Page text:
How Distance, Language, and Culture Influence Stockholdings and Trades


  • Mark Grinblatt,

  • Matti Keloharju

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    • Mark Grinblatt is from the Anderson School at UCLA, and Matti Keloharju is from the Helsinki School of Economics, Finland. We are grateful to the Finnish Cultural Foundation, the Foundation of Economic Education, the UCLA Academic Senate, and the Yrjö Jahnsson Foundation for financial support and to the editor, René Stulz, two anonymous referees, Shlomo Bernartzi, Kenneth French, Chris Gadarowski, Michael Long, Tim Loughran, Rena Repetti, Emilio Venezian, Tuomo Vuolteenaho, and seminar participants at Chicago, MIT, Northwestern, Notre Dame, Rutgers, and Yale for comments on an earlier draft. We wish to thank Antti Lehtinen and Jorma Pietala for the distance data, and Kari Toiviainen for suggesting the use of annual reports as indicators of language. We are especially indebted to Henri Bergström, Mirja Lamminpää, Tapio Tolvanen, and Lauri Tommila of the Finnish Central Securities Depositary for providing us with access to the investor data. Some of this research was undertaken while Grinblatt was at Yale's International Center for Finance, for whose support we are grateful.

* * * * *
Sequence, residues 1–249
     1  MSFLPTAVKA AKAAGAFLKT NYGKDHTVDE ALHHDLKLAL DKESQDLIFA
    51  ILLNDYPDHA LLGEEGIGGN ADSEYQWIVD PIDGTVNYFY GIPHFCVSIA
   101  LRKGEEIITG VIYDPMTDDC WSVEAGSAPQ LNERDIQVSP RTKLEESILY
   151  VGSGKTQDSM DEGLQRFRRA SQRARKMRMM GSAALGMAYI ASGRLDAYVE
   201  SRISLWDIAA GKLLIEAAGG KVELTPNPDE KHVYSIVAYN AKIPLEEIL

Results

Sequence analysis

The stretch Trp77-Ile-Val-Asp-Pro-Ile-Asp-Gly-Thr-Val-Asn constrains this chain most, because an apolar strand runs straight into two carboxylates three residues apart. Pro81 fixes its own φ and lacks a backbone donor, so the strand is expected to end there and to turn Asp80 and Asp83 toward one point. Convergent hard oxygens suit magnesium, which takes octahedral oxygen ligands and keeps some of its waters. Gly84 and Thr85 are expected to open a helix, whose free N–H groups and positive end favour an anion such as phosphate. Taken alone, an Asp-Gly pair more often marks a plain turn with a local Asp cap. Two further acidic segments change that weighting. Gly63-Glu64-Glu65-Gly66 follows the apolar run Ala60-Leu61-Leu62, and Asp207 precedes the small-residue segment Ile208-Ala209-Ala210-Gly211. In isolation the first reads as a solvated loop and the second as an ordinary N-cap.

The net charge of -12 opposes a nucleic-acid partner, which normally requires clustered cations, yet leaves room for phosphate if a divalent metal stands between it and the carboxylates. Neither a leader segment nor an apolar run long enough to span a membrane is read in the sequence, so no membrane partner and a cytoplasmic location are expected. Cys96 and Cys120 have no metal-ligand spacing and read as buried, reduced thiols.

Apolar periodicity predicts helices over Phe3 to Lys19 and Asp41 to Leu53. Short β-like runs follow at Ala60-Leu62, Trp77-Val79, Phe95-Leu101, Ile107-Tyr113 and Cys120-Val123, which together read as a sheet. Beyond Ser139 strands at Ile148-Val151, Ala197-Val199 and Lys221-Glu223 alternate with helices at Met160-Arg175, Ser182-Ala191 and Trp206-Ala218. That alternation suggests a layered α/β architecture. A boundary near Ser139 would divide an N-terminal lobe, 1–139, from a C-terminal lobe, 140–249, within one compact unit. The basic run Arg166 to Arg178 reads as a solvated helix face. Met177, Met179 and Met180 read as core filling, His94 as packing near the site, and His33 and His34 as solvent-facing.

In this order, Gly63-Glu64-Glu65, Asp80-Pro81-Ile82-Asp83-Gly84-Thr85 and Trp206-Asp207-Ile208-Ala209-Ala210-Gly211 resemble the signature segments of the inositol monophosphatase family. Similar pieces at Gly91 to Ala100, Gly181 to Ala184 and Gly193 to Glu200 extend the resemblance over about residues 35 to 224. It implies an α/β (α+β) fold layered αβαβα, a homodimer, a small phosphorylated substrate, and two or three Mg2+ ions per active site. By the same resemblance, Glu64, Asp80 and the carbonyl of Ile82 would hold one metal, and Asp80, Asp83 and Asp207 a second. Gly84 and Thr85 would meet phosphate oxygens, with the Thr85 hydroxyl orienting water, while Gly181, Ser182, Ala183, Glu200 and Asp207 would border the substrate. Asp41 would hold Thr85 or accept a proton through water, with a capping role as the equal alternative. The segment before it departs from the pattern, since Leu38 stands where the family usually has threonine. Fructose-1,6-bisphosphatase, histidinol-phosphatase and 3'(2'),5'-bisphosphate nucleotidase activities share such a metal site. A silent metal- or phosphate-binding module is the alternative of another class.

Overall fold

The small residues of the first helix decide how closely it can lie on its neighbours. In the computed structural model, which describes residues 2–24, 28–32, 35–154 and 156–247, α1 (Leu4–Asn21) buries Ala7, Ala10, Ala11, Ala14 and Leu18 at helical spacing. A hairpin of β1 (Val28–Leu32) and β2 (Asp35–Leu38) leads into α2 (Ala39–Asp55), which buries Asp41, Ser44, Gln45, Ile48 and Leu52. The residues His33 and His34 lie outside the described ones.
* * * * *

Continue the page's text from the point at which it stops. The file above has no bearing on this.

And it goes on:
This paper documents that investors are more likely to hold, buy, and sell the stocks of Finnish firms that are located close to the investor, that communicate in the investor's native tongue, and that have chief executives of the same cultural background. The influence of distance, language, and culture is less prominent among the most investment-savvy institutions than among both households and less savvy institutions. Regression analysis indicates that the marginal effect of distance is less for firms that are more nationally known, for distances that exceed 100 kilometers, and for investors with more diversified portfolios.